A decade ago, Ken Light traveled across the United States photographing the country, an empire he realized was the most fragile of organisms. The photographs of the earlier years in this book create the context for understanding how America lost its way. Light reached all four corners of the country to document people across race, class and political lines. We see the heartland and the coastal cities, Wall Street and rural small towns.
As he continued, seismic changes erupted across America and the country descended into an age of crisis. He photographed protests and Washington politicians in Congress and the White House, climate change disasters and environmental defenders, the rise of the regime of Donald Trump, the Trump rallies and America’s reactions to it all. He comprehensively probed the fractured social and economic condition, going beyond the tropes of inequality we all recite by heart to create a visual portrait of a country mired in calamity, its people deeply splintered, angry and in pain.
The resulting portrait of the American social landscape is a riveting historical and visual record of a complicated country in a complicated time. It is compelling, and one of the earliest photographic accounts of an age that historians and citizens will be scrutinizing for generations to come.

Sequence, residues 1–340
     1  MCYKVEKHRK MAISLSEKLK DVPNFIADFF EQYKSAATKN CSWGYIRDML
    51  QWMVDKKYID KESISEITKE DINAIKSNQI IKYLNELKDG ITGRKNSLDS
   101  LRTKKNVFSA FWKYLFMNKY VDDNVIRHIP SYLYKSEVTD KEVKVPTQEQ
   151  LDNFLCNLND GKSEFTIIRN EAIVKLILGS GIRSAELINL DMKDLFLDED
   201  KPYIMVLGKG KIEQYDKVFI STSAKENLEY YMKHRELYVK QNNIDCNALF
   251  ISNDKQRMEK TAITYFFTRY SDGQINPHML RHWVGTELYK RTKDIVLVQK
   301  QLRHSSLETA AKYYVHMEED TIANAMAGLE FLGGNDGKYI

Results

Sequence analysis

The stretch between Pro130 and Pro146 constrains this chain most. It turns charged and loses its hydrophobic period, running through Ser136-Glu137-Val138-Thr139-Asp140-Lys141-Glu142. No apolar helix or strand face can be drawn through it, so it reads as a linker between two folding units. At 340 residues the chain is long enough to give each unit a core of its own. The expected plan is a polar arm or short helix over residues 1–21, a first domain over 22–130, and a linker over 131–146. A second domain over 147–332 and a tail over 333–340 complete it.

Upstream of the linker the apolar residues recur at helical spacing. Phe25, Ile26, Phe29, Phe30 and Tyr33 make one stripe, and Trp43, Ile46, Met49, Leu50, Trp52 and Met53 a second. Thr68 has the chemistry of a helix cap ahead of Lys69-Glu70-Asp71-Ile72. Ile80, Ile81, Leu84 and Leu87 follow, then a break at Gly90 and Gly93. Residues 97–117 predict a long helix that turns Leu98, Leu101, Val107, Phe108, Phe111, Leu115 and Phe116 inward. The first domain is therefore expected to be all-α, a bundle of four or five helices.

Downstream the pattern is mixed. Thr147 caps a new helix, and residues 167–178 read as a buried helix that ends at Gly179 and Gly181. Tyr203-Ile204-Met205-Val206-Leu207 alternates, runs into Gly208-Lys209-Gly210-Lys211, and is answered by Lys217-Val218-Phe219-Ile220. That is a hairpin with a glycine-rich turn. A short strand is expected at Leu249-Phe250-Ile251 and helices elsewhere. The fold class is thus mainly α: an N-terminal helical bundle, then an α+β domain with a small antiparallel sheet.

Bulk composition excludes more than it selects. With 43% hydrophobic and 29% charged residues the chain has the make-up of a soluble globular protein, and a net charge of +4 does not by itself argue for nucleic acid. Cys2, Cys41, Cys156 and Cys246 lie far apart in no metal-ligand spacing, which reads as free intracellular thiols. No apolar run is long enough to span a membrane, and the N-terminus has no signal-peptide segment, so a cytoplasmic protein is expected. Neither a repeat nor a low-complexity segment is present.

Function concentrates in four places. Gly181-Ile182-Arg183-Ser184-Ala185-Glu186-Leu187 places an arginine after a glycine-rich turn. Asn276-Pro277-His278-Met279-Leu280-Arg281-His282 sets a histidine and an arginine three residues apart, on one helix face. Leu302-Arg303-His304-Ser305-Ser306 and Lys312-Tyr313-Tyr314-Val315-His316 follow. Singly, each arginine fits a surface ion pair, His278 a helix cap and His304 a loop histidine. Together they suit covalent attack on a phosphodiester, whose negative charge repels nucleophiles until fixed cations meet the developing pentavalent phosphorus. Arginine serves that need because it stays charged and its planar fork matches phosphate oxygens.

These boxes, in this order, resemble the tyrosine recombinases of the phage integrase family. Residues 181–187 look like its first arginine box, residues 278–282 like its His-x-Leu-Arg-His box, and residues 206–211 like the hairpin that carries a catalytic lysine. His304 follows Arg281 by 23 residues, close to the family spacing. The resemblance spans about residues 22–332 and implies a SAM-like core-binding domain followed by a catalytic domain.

Course of Empire is a hard and unsparing look at the United States in the last decade, a period marked by protest, political polarization, racialized violence, income inequality, climate change-induced disaster, and a deadly pandemic. In this series of black-and-white pictures made across the country, Light captures the divisiveness and collective insanity that characterized American life in the Trump era. He does not tread lightly. This bold and affecting work is an angry indictment of a country gone off the rails. –Erin O’Toole, Baker Street Foundation Associate Curator of Photography, San Francisco Museum of Modern Art